“What do you mean the ‘other’ Brittney?”

“You know exactly what I mean.”

Her voice was not the typical voice of my daughter. It was cold, calculated, and threatening. What was happening? What is wrong with my child?

The next school year, she transferred. Maybe a fresh start would help. It did, but only for a short time. It didn’t take long until familiar stories unfolded. The problem wasn’t other children or her teachers; she was the problem. All the while, she maintained good grades and was the model student, according to her teachers. We It’s middle school. All kids are difficult at this age. Right? Yet, at home, we walked on egg shells more often than not to avoid conflict.

The details of these years is too long and complicated to describe here. We ended up having lab work completed to rule out a hormone imbalance. We started weekly counseling again, at what should have been a better facility two hours away from home. We had a complete psych evaluation, as we had reason to believe she had a personality disorder. (Results indicated that she shed herself in an exceedingly positive light; therefore, they could not determine if she had a personality disorder.) Our reports of her behavior were not of concern. Rather, the mental health professionals were only concerned with how the child felt. The only reports of her behavior that mattered were what she provided. Parental input didn’t matter.  After many months of two-hour treks to counseling, we were advised that if she didn’t have a certain level of “buy in” into therapy, it was of no use. She seemed to have improved and no longer wanted to continue sessions. She had learned how to work the system. Counseling stopped, again.

Eventually, the truth came out. What had been our worst fears were not bad enough. She had been secretly harming another child. Over time it increased to excessive violence. The other child, fearing for her life, kept the secret for quite some time, resulting in a crushed sense of worth, physical, mental, and emotional trauma, suicidal thoughts, and PTSD. Thankfully, she broke the silence, undoubtedly saving her life.

By now, you expect to hear how the law stepped in, investigated, and brought justice. No. That’s not the way the story unfolds.

You see, the child she hurt was her sister. Yes, I am the mother of a victim and a perpetrator. Because the girls were not six years apart in age, the police didn’t deem an investigation as necessary. CPS claimed to not deal with child on child violence. We were left alone to decide what to do.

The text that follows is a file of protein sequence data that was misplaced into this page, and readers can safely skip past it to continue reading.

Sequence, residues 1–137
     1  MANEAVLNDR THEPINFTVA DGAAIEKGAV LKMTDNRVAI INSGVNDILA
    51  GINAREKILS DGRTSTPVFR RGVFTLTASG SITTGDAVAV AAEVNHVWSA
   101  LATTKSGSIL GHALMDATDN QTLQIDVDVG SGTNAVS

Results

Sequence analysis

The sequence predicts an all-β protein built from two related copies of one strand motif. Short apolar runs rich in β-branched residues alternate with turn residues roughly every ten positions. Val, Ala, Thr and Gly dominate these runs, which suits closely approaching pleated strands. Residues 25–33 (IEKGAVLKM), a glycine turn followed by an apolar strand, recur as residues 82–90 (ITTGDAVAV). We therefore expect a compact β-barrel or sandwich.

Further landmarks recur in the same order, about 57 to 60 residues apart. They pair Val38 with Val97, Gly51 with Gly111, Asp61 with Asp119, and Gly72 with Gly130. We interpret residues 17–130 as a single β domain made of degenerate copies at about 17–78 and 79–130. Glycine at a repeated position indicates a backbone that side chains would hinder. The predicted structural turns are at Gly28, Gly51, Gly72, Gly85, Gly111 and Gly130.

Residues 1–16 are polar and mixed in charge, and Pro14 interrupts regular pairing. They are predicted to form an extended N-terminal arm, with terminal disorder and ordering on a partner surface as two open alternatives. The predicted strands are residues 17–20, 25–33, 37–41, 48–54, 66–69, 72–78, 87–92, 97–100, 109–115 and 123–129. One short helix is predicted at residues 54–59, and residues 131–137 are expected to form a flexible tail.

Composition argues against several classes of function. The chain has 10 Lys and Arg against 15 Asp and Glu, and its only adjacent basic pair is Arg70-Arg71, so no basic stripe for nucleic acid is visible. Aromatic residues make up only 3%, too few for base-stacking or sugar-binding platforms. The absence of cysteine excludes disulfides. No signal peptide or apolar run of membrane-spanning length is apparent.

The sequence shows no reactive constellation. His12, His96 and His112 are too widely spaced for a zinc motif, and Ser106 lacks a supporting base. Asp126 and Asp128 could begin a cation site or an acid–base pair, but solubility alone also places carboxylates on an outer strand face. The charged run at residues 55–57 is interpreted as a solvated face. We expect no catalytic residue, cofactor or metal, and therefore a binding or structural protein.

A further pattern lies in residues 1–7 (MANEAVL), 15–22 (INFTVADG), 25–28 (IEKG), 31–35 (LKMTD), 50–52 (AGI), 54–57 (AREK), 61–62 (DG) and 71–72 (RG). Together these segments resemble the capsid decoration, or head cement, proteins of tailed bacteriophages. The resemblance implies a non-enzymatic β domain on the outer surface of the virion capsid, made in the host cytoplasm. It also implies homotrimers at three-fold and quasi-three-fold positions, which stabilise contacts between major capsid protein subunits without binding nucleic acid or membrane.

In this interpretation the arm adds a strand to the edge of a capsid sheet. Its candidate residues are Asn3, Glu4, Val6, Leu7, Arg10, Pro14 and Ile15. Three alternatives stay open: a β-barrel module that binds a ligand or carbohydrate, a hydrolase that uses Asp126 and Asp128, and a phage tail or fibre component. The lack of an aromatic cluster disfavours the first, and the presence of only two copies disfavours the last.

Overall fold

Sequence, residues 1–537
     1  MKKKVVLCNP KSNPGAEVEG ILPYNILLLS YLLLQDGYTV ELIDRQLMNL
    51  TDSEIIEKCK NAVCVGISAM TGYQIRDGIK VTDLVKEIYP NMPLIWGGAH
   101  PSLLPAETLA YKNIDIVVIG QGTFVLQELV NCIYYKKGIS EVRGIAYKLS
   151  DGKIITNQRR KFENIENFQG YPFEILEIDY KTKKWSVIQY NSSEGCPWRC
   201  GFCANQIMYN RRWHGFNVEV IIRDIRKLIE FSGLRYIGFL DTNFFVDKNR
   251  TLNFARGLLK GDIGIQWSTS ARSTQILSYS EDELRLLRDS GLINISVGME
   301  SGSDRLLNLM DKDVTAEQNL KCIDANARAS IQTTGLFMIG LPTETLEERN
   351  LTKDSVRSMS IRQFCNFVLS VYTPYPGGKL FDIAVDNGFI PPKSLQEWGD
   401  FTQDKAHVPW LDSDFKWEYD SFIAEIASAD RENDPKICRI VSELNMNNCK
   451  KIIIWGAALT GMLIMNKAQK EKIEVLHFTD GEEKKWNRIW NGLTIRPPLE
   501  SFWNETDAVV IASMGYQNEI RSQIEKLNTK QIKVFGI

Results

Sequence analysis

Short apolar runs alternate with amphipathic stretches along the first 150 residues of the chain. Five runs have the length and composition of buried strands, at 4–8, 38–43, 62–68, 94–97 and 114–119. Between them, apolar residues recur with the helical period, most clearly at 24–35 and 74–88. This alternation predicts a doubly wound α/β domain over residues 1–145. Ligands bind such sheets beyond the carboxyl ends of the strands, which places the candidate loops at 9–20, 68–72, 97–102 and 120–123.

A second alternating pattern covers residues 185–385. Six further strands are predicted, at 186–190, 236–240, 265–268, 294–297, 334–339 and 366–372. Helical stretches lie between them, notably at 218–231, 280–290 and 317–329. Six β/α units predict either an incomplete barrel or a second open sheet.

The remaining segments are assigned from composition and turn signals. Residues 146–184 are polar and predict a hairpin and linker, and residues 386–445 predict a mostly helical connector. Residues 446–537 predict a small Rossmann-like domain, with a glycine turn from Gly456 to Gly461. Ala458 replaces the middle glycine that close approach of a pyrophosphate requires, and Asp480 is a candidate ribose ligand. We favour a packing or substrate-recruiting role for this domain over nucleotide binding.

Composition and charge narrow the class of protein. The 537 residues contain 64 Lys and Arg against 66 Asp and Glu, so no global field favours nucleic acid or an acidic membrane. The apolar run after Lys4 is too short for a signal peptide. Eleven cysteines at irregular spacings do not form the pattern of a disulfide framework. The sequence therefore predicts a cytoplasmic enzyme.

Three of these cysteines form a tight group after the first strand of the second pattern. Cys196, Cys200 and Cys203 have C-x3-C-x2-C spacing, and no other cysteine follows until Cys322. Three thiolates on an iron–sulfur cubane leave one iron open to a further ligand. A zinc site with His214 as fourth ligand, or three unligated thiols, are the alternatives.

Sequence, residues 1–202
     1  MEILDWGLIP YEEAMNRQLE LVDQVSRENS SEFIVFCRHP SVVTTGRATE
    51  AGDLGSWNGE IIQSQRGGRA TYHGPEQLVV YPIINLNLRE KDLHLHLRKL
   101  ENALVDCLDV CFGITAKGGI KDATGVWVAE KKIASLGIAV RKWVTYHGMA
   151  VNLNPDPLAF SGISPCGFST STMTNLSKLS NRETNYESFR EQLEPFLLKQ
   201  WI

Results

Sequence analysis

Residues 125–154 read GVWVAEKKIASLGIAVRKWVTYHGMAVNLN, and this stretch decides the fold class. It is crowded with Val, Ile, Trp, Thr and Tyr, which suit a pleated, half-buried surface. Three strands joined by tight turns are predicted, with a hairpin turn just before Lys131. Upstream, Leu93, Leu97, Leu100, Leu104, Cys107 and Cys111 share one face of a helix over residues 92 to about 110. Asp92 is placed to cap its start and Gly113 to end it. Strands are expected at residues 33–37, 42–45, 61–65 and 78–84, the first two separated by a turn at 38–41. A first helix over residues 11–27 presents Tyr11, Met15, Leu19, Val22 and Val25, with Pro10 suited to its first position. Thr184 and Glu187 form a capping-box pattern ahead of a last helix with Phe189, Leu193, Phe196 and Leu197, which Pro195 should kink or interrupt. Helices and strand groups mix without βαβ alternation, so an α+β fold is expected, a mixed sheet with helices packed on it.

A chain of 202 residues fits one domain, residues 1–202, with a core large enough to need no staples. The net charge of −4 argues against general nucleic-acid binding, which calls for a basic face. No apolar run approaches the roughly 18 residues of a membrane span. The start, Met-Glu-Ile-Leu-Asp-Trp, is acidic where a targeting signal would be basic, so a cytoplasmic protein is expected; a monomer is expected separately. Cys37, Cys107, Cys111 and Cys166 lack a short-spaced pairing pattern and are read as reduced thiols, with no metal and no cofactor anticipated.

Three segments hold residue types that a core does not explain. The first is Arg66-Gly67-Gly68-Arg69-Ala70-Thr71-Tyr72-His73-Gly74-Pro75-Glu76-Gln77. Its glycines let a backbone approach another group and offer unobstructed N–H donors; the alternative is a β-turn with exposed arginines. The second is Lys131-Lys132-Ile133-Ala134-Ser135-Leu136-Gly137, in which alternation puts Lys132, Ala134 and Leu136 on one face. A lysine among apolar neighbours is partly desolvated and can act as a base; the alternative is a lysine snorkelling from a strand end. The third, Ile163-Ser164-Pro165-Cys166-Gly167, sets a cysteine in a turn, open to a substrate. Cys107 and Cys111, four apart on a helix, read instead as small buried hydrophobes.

We swiftly took action to protect our youngest from further harm and to seek professional help for both children. But the questions and statements from the psychiatrist suggested the victim was lying, that we allowed abuse, or that our parenting was to blame. Children, especially girls, don’t do this sort of thing.

We took many steps to help our children and continue to do so. Our oldest can not live at home.

The professionals did not listen. I was only a ranting mother who I’m sure was seen as overreacting. After all, I should be grateful she wasn’t doing drugs, getting in trouble at school, or sneaking out to be with boys.  What would I, an educated professional and the mother of a child, know about anything? I even referenced the DSM to discuss potential issues, yet it all fell on deaf ears.

Our story is a long and winding road we must forever travel, but we are not alone. More importantly, we know that we did everything within our power and resources to get help throughout the years. But most importantly, we understand that we did not cause our oldest to behave in this manner. We are not to blame.

We are the parents of a victim and the perpetrator who chose to exercise her free will to use coercion and force to harm another.

We love both fiercely.

We choose to preserve life and safety over the opinions of others who try to cast blame and shame that our oldest no longer lives in our home.

Unless you have walked this path, you cannot imagine the heartbreak and tears that water every step of the journey.

What will come of our journey?
Tears regularly water the lonesome path. I could allow silence and solitude to cover each step with weeds to hide pain and isolation. But I choose to speak out.

Who decides what horrors must be hidden? Culture? Society?

Who decides if I must hide in the shadows of shame cast by my own child who willfully hurt another?

It’s not you.

I decide.

Before you decide to throw stones at me or my family, I ask that you remember the victim and the deep loss that you will never comprehend. Instead of casting judgement and throwing stones, quietly lay your stone on the ground in memorial of the violence and devastation that has occurred. We are grieving. We will continue to grieve. Place your stone on the ground in memorial and hug your own children more tightly tonight.

I will raise my voice to bring awareness to sibling violence and abuse. The victims of sibling abuse and their parents need not hide in the shadows of fear and shame.

Speak out for the victim.
Speak out for the perpetrator.
Speak out and get help for your family.
Speak out for yourself.
Speak out for hope.